I would like to know how a person like me could feel the effects of meds so intensely, that I couldn't take any AD's. I did tolerate Luvox and actually got up to 250mg at which point the pdoc I was seeing[has since been in newspapers locally for medical fraud and illegal distribution of controlled substances], discontinued it. He said he needed l0 people for a Celexa trial when the med first came out. I refused, so when I came in for my appointment he said "you're catatonic", and I'm taking you off the med and putting you on Celexa. I wasn't catatonic, I had been attending A Group that stressed only doing one task a day and training your body to relax. Anyway I felt like death on the Celexa. I also was on xanax. He finally took me off after a month of misery. I also found out I had chronic active Lymes Disease at this time. Anyway since then I've never been able to tolerate even the luvox at doses over l2.5mg. Now it seems as if my body doesn't even respond to Ad's. I've been put on cymbalta, zoloft, remeron, and don't feel a thing. The only med that still seems to have an effect on me is valium. So what is my problem? Oh I've finished menopause. Fondly, Phillipa

 

Re: Extremely skeptical WeeWilly

Posted by Iansf on March 22, 2005, at 18:48:45

In reply to Extremely skeptical, posted by WeeWilly on March 22, 2005, at 14:43:16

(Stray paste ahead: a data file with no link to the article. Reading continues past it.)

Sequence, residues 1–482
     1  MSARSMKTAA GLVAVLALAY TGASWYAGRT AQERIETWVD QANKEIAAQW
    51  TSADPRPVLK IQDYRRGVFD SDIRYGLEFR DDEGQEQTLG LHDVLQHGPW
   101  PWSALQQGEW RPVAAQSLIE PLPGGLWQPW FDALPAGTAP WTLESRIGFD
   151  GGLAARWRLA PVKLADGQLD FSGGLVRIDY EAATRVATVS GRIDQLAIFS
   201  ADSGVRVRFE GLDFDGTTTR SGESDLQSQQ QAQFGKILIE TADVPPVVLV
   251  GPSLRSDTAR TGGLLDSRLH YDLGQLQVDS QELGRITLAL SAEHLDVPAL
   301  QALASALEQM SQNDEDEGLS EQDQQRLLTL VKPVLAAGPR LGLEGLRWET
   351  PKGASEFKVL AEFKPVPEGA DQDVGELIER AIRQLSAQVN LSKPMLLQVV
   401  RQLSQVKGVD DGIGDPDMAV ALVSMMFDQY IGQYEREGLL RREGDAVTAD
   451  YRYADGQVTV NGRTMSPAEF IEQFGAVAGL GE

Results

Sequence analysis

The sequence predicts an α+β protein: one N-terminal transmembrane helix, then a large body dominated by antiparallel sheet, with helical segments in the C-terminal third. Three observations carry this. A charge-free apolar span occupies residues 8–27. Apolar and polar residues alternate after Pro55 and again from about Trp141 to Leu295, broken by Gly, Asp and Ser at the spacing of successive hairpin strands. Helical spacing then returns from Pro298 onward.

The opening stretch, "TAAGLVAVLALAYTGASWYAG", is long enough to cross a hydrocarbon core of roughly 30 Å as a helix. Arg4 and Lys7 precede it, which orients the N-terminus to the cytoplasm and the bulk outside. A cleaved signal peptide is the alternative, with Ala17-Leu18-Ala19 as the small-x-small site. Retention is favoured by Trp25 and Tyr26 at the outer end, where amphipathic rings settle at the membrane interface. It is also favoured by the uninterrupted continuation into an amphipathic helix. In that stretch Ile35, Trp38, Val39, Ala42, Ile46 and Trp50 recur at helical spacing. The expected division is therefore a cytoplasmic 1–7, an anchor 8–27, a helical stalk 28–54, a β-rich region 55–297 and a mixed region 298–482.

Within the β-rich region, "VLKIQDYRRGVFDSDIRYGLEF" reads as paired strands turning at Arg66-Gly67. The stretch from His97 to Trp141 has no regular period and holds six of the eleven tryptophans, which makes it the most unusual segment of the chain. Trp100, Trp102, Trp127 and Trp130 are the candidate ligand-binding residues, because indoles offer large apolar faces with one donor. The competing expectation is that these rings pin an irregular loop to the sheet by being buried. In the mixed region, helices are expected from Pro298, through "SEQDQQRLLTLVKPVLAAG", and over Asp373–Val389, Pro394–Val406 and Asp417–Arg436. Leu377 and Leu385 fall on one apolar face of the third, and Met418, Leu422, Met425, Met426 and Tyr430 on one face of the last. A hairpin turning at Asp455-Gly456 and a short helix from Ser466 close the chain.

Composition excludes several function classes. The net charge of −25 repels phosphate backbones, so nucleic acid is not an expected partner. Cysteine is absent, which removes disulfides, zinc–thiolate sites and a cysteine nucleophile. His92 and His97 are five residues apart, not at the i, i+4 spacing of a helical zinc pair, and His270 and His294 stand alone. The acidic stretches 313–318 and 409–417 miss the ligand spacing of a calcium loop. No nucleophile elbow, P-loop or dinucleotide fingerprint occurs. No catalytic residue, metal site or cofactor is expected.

> This smells like snake oil. Where are the studies to back up these claims. The main problem with the treatment of mood disorders is we do not know what are the causes of mood disorders. In my case I am certain it is an endocrine problem and not a serotonin,ne or dopamine imbalance. I suspect that many others have a endocrine problem that is the root of their mood disorder. Maybe I am wrong but something about this rEEG system sounds phony.
>
Calling rEEG snake oil seems rather harsh. In my opinion, it's always wise to be somewhat skeptical of new approaches, but as described by Dr. Hoffman it certainly sounds like rEEG has reasonable scientific grounding. It may not be THE answer, but generally it looks to be heading in the right direction.
And the fact that problems show up in brain wave patterns doesn't necessarily rule out an endocrine imbalance as a cause of mental imbalances. After all, everything going on in your body is ultimately tied to the brain.
It's conceivable that in some - perhaps all - cases, using meds that re-regulate the brain is treating a symptom, not a source. But surely tracking down a source outside the brain would be helped by looking at brainwave patterns, then tracing them back to the body systems most likely to affect the brain in that way.
All innovative therapies need polishing to achieve their full potential. Dr. Hoffman's approach holds promise. Be skeptical, but don't dismiss it out of hand.

 

Re: rEEG System Helps Guide Prescribing

Posted by Daniel Hoffman, M.D. on March 22, 2005, at 19:03:34

In reply to Re: rEEG System Helps Guide Prescribing, posted by Phillipa on March 22, 2005, at 16:02:46